Yes, it’s true. My Cholesterol is up, despite my trim waistline and healthy BMI. I eat a heart healthy plant-based diet (minimal meat and dairy, but include eggs and seafood). I also exercise regularly — 4 to 5 days per week. So when I got my latest results, I was more disappointed than surprised.
While cholesterol is important for our body’s functions, only a little is necessary to keep us healthy. Too much cholesterol in your blood can lead hardening of the arteries and advancing heart disease. A healthy cholesterol profile includes a Total blood cholesterol below 200 mg/dL with LDL (bad) cholesterol below 100 mg/dL and HDL (good) cholesterol >50.
Changes in diet, activity level and abdominal girth can influence your Cholesterol levels (lipid metabolism). But there are other factors, too.
“With increasing age often genetic ‘switches’ can go off that also increase cholesterol, much like hair loss or hair turning grey. Some women increase cholesterol absorption after menopause with increases in cholesterol levels,” says Dr. James Underberg, Clinical Assistant Professor of Medicine NYU Center for CV Prevention, Director Bellevue Hosptial Lipid Clinic and President-Elect National Lipid Association.
I did some research on fine-tuning a healthy lifestyle to improve cholesterol values. Here’s my take-home advice:
2015 Dietary Guidelines recommend reducing intake of cholesterol-raising fats. The saturated fats and trans fats we consume influence our Cholesterol more than the cholesterol in foods we eat. So enjoy that egg, yolk and all! Be mindful of amount and type of fat you are consuming in your daily diet. The DASH diet has approximately 27% total calories from fat. Like USDA Food Pattern and AHA diet, it is low in trans fats and limits saturated fats to just 5-6% caloric intake.
Excess sugar increases blood sugar levels, ultimately raising triglycerides. Refined grains easily break down to sugars and can cause blood sugar to spike as well.
Research suggests that certain bacterial strains may reduce blood cholesterol levels by altering cholesterol metabolism and facilitating its excretion via the feces. According to the National Lipid Association, although data is limiting, results are promising.
Plant sterols and stanols are naturally contained in nuts, seeds, grains, legumes, (and in small amounts in fruits and vegetables). There is much evidence to support that these compounds have lipid-lowering effects. Some studies have shown that consuming 2 grams of phytoesterols per day may help reduce LDL by 10%.
Viscous fiber has been associated with reductions in total cholesterol, LDL and non-HDL-C. These include pectins (found in apples), oats, barley, legumes, broccoli, Brussels sprouts and carrots. 7g of viscous fiber per day is recommended for LDL reduction.
In the OmniHeart study comparing variations in a DASH diet (percentages of carbohydrates/protein/fats), the Protein diet (48/25/27) had the greatest reductions in Cholesterol overall vs the Carbohydrate (58/15/27) and Unsaturated Fat (48/15/37) diet. The other diets, both comprising 15% protein did help decrease levels as well. Thus, 15% – 25% protein is a good rule of thumb.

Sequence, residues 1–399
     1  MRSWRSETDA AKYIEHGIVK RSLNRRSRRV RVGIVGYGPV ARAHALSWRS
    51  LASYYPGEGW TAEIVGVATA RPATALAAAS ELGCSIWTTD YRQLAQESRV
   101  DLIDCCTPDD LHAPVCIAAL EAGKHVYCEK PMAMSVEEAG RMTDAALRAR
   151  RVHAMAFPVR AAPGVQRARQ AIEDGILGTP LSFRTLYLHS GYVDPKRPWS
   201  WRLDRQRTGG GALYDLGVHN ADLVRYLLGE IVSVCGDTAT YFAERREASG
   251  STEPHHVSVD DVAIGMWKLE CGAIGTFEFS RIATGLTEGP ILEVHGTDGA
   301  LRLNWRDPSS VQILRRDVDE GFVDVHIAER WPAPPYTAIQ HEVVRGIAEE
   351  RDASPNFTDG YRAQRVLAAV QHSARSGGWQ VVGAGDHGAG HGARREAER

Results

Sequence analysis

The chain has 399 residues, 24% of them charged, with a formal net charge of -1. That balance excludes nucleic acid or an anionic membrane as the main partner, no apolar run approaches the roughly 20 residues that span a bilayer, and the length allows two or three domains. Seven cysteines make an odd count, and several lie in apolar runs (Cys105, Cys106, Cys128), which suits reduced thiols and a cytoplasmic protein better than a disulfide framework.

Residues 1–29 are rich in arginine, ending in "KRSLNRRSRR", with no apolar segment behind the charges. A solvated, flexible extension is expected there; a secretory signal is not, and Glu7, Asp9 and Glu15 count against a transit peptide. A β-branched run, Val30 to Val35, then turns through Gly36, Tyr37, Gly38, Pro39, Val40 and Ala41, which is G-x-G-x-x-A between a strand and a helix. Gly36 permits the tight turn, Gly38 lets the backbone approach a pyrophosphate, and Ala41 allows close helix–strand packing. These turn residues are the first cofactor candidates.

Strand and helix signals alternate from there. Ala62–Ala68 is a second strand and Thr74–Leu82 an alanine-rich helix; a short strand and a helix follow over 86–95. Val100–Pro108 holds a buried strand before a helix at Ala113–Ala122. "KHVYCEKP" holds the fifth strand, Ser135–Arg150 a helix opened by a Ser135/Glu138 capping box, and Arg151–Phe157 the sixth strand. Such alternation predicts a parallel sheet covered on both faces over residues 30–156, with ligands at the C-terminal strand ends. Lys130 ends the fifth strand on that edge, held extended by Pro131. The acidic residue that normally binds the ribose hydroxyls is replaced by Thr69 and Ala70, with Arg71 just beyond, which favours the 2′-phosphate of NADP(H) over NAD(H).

You may be surprised to see how much fat, sat fat, sugars and sodium you are eating. And perhaps you aren’t getting as much fiber and lean protein as you thought. LoseIt Premium is one app that can track your nutrient intake.
200-300 minutes of moderate to high intensity aerobic exercise/week can lower triglycerides and may show a slight increase in HDL (good) cholesterol. Resistance training may yield even greater results – as much as 4 – 9% HDL increases in men and women after 6-9 weeks, according to some reports. My HDL went up 70mg/dL from 55mg/dL after adding in higher cardio/resistance. And that’s a good thing!
Cholesterol doesn’t change overnight. “I usually ask patients to return to see me after diet and lifestyle adjustments in about 3 months. Any longer and they don’t start, but too soon and they do not see results, and can get discouraged,” advises Dr. Underberg.
Jacobson et al (2015). National Lipid Association Recommendations for Patient-Centered Management of Dyslipidemia: Part 2 Journal of Clinical Lipidology (2015) 9, S1–S122 Retrieved from: http://www.lipidjournal.com/article/S1933-2874(15)00380-3/pdf
Jennifer Moll, PharmD (2016). Which Foods Contain the Highest Amount of Phytosterols? Retrieved from: https://www.verywell.com/which-foods-contain-the-highest-amount-of-phytosterols-697742
Melanie Thomassian (2011). Low Cholesterol Diet: How Much Cholesterol Can I Have Per Day? Retrieved from: http://www.healthcentral.com/cholesterol/c/7291/131385/cholesterol
Lauren O’Connor, MS, RDN, RYT is a Los Angeles based registered dietitian, yoga teacher and founder of Nutri Savvy Health. Her motto: “Discover the Joy of Whole Body Nutrition”. Besides authoring her own blog, she is a health writer, menu developer and nutritional consultant with articles and recipes in numerous publications including Food & Nutrition magazine, Shape, Redbook, Livestrong, AZCentral and DietsinReview.